Uganda

Citizens React: How Will Uganda Change After Oil Production Brings Major Revenue?

Oil production is expected to begin in Uganda in coming years. People in Kampala, Uganda’s capital, discuss the benefits and problems the industry could bring to the country.

Edna Namara, GPJ Uganda

Uganda

Uganda is expected to get a major financial windfall when oil production begins in 2020, potentially up to $50 billion. Citizens have different views on how the new government revenue will impact the country.

KAMPALA, UGANDA — A series of oil discoveries have been made in Uganda over the last decade but disputes between the government and foreign oil companies have delayed production.

By 2014, about 6.5 billion barrels of oil had been found in the Albertine Graben region, along the border with the Democratic Republic of Congo, according to a 2015 study by the Oxford Institute for Energy Studies.

Oil production is expected to start in 2020, when the construction of an oil pipeline running from the oil-rich Hoima district to Tanga, neighboring Tanzania’s port city, is expected to be completed. Uganda is a landlocked country, so it has to export its oil through Tanzania.

Uganda is expected to produce between 200,000 and 250,000 barrels of oil per day. One international oil company estimates that the country will make up to $50 billion — almost three times its gross domestic product — from its oil deposits.

Global Press Journal spoke to people in Kampala, Uganda’s capital city, about their expectations for the country once oil production begins. Here are some of their views.

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“Oil revenue should benefit Ugandans, especially women and girls. But I fear that the international oil companies that will be involved in the production might reap the most out of our oil deposits. Oil production is a high-tech industry, so I feel that ordinary Ugandans may not gain much from it besides getting unskilled jobs at production sites.” — Victoria Atukunda, programs coordinator at Sustainable Sanitation and Water Renewal Systems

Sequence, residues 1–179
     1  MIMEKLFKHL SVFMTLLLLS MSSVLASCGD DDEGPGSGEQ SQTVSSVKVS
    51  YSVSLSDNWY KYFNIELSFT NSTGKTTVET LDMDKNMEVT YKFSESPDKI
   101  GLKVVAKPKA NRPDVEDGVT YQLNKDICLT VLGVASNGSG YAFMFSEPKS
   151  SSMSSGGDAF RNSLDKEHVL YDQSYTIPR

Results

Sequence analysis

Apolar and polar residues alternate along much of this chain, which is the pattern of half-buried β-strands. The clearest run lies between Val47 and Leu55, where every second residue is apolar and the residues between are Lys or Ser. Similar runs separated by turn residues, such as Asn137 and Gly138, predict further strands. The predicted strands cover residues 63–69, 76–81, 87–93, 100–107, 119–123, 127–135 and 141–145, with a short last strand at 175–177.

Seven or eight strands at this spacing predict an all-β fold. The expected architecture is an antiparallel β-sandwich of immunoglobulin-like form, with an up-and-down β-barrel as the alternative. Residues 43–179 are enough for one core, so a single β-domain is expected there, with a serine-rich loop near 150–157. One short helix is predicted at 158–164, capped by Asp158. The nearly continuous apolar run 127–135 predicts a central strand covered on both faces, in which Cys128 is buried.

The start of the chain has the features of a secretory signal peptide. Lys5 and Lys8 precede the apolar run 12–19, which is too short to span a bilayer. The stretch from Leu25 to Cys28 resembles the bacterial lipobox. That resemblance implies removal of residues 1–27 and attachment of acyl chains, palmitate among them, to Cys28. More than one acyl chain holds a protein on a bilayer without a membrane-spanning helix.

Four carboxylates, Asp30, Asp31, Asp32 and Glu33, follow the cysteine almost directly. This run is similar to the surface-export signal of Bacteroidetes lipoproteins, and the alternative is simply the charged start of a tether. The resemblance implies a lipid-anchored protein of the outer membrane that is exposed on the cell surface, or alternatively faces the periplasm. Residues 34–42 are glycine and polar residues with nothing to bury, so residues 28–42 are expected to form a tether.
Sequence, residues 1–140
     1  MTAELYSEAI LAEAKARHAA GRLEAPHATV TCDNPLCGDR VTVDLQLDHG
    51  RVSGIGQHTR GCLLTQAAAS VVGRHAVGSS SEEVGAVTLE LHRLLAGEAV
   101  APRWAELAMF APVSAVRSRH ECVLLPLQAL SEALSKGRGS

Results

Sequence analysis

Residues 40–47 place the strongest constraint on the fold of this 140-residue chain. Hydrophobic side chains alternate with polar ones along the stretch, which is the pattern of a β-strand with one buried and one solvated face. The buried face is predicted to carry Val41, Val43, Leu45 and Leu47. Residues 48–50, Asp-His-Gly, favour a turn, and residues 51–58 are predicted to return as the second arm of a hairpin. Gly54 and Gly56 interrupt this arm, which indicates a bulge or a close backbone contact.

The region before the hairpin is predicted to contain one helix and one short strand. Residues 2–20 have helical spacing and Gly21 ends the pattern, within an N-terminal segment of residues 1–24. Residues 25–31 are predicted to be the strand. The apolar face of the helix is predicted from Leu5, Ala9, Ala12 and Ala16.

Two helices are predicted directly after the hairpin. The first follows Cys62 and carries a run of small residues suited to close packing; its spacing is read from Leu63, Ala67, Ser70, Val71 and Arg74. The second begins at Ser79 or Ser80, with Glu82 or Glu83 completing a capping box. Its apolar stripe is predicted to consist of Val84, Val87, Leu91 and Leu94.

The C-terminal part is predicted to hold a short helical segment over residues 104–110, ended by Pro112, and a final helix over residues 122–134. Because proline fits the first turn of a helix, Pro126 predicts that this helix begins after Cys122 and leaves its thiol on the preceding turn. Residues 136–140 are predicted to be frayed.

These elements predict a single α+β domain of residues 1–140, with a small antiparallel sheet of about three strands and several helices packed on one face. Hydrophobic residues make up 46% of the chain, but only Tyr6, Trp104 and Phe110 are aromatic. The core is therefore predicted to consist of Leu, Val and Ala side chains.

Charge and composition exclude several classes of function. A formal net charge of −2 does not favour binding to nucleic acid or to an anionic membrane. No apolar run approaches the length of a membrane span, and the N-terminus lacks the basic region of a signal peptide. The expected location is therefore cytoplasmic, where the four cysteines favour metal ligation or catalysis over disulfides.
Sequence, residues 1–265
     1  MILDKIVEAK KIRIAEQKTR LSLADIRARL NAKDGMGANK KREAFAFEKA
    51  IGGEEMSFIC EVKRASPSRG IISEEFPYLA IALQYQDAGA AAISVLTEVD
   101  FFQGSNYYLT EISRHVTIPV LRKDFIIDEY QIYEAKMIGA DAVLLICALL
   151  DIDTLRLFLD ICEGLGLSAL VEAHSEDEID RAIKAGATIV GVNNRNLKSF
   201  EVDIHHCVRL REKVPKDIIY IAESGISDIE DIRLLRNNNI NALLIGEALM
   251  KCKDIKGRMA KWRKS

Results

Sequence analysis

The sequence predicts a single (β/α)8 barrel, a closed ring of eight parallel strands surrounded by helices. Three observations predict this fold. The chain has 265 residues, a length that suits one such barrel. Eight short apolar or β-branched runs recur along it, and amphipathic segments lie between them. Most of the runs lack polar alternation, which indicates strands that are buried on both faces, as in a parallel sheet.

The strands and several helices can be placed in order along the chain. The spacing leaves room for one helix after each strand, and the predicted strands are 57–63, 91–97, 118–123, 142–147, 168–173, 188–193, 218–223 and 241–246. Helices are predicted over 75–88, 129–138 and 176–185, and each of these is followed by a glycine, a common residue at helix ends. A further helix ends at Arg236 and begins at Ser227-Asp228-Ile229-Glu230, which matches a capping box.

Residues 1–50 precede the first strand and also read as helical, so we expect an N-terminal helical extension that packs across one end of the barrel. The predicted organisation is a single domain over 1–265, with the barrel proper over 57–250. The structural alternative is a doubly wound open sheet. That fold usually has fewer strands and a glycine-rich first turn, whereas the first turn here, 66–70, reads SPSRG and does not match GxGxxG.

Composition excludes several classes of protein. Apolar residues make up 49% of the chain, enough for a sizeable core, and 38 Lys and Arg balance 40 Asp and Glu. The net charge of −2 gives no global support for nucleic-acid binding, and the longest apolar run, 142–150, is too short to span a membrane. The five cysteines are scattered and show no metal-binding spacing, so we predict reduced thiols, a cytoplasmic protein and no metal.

Edna Namara, GPJ Uganda

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“This oil industry might disorganize Ugandans more than it benefits them. I hear a lot of stories of people who have been removed from their land to give way for oil exploration and are yet to be compensated. Additionally, it will take a long time for Uganda to export oil because it is a landlocked country. It will take ages for us to celebrate.” — Kenneth Kwikiriza, marketing officer at Uganda Broadcasting Corporation

Edna Namara, GPJ Uganda

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“The oil deposits will be of great benefit to Ugandans. Through the oil industry, the government will get enough revenue to develop the country’s infrastructure. But if the oil revenue is mismanaged and the profits repatriated to foreign countries by companies mining the oil, Ugandans will continue to be mired in poverty.” — Samuel Katwesigye, student

Edna Namara, GPJ Uganda

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“This is a great opportunity for Uganda. When the oil business is up and running, it will solve Uganda’s major problems like youth unemployment. Also, the government will raise a lot of money from oil-related taxes.” — Edith Kunihira, associate project officer at Support for Women in Agriculture and Environment

Edna Namara, GPJ Uganda

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“Well, I am a peasant with very little to expect in the oil business. Many times new technological developments benefit only a certain class of people. But I hope the revenue from the sales of oil will improve living standards in Uganda.” — Joel Kiwanuka, farmer

Edna Namara, GPJ Uganda

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“Every resource is as good as the custodian who is in charge of it. I hope the government departs from its corrupt ways and embraces accountability and transparency. If oil revenue is well managed, it will solve fundamental problems our country faces and reduce the national debt burden.” — Joan Magayane, engineer at the Kampala Capital City Authority

Edna Namara, GPJ Uganda

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“I believe Uganda will change when we start exporting oil. Personally, I can’t wait for that time because I know fuel will be cheaper. The cost of doing business in Uganda will be lower because the cost of fuel determines the prices of almost all commodities in Uganda.” — Phillip Muhanguzi, milk vendor

Edna Namara, GPJ Uganda

 

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